Bats: scarier than you might think

In 2003, a global outbreak of the Severe Acute Respiratory Syndrome (SARS) caused over 8,000 cases and over 700 deaths in China.

The source of the virus was traced to a very common animal – bats.

SARS coronavirus.

SARS coronavirus.

Bats don't look cute, and sometimes, the nocturnal animal is portrayed as a symbol of darkness and horror. But the truth is, the animal is even scarier one would think.

They carry more than 60 viruses that affect humans, including coronaviruses, hantaviruses, rabies, Nipah, Lassa, Ebola and Marburg viruses.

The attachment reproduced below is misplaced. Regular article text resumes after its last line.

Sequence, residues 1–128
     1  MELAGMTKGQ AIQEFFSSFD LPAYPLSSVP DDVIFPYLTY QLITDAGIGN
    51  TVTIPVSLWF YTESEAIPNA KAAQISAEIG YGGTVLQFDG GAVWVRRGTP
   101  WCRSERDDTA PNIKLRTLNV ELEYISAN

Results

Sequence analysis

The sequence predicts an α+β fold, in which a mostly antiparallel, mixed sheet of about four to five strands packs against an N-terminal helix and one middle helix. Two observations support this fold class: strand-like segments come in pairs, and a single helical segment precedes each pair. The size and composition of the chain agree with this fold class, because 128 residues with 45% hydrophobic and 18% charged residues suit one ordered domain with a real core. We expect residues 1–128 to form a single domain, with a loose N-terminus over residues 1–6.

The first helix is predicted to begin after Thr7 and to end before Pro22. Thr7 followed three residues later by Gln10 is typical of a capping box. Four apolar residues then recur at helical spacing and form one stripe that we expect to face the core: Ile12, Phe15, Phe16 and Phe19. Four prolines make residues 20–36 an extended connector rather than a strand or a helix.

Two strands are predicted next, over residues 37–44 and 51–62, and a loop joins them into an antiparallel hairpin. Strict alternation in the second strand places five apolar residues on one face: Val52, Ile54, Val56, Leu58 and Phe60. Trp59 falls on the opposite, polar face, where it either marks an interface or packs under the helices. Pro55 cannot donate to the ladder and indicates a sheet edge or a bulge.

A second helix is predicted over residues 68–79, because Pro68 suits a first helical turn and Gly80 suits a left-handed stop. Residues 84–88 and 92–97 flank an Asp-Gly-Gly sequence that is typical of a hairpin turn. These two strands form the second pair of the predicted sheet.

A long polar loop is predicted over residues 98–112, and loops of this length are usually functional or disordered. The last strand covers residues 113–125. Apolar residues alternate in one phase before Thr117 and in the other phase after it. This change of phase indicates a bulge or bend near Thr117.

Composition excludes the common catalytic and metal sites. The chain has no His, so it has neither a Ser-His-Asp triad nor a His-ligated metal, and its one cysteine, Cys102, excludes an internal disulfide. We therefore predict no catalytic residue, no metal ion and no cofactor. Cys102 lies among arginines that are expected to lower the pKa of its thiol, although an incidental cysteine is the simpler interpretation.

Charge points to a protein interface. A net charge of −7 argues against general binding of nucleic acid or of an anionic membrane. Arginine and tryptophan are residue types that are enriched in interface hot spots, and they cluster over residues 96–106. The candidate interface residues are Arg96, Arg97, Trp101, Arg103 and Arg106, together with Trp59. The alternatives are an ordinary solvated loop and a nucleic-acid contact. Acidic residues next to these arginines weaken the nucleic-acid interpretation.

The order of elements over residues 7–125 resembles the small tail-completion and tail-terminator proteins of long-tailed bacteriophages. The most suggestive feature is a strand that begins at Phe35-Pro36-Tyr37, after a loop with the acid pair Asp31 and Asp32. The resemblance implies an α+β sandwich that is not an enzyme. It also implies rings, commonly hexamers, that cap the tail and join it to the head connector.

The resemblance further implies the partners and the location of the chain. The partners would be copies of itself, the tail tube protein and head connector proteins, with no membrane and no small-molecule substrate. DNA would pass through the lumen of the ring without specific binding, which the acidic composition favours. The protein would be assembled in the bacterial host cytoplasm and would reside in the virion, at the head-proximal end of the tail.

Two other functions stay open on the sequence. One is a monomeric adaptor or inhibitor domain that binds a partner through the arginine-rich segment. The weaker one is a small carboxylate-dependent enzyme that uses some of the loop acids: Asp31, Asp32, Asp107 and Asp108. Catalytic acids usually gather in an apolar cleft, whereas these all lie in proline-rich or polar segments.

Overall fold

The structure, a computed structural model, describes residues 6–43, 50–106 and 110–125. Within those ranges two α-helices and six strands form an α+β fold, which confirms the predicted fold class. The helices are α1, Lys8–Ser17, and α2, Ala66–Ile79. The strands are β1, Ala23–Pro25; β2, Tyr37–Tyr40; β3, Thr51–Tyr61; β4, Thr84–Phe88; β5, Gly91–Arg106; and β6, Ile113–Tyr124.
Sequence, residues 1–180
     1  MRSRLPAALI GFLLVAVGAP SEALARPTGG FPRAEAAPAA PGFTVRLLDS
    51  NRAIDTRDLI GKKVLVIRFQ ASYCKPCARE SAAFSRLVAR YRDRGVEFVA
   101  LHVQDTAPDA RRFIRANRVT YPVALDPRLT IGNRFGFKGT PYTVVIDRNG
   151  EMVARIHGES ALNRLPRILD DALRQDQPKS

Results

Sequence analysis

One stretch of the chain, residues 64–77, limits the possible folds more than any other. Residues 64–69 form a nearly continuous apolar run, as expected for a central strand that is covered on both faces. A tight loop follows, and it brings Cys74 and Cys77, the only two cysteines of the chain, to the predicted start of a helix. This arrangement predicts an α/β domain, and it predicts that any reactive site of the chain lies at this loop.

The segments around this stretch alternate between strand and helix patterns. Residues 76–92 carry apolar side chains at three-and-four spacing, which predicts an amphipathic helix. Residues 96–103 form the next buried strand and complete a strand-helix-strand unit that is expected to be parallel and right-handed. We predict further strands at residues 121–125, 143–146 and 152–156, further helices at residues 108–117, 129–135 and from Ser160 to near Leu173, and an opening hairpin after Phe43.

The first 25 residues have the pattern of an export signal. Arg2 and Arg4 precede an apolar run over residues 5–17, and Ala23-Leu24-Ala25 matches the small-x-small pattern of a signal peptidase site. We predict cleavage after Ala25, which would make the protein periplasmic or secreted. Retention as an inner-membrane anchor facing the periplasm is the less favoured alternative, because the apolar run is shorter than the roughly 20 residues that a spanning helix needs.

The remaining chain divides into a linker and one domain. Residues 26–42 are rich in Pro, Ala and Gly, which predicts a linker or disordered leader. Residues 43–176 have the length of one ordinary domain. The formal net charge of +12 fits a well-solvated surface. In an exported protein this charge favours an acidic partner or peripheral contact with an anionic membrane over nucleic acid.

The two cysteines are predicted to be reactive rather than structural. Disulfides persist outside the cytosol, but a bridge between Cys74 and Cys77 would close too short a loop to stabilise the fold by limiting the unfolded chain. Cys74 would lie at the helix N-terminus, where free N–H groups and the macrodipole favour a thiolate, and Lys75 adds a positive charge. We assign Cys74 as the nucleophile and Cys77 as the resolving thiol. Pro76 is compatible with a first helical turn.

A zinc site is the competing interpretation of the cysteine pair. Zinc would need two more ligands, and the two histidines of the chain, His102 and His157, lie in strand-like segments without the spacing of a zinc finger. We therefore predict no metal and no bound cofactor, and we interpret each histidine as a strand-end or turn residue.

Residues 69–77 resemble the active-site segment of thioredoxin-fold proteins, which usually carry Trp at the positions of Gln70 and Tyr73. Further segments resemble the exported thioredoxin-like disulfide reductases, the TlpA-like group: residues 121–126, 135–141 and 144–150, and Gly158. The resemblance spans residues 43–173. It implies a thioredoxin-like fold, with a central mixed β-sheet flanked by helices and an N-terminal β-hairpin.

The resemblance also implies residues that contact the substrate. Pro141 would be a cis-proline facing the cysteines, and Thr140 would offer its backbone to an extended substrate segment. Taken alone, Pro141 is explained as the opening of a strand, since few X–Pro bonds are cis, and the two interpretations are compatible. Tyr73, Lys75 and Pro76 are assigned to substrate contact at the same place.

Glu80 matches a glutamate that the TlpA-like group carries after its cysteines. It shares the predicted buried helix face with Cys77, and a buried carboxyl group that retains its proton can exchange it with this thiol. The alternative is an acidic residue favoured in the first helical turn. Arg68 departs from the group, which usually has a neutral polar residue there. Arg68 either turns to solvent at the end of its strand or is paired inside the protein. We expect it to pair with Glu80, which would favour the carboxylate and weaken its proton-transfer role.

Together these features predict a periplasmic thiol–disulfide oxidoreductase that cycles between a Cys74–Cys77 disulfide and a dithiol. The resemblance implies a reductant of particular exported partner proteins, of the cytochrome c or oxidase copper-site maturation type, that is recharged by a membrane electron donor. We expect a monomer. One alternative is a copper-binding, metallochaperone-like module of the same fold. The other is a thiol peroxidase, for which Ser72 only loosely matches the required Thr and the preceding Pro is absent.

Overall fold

The bats themselves are resistant to the viruses but can easily spread them to human beings. In fact, they can do it more efficiently than rodents. Bats carry more zoonotic viruses per species, and each virus is shared with more species.

As the only mammal species that can fly, their high mobility, broad distribution, long life spans and social behavior make them favorable hosts and vectors of disease.

They are controversial animals because although they are carriers of disease themselves, they can help slow the spread of insect-borne diseases. A single bat can consume up to 1,000 mosquitoes in an hour.

In many cultures across Africa, Asia and the Pacific Rim, bats are used as food.

(If you want to contribute and have specific expertise, please contact us at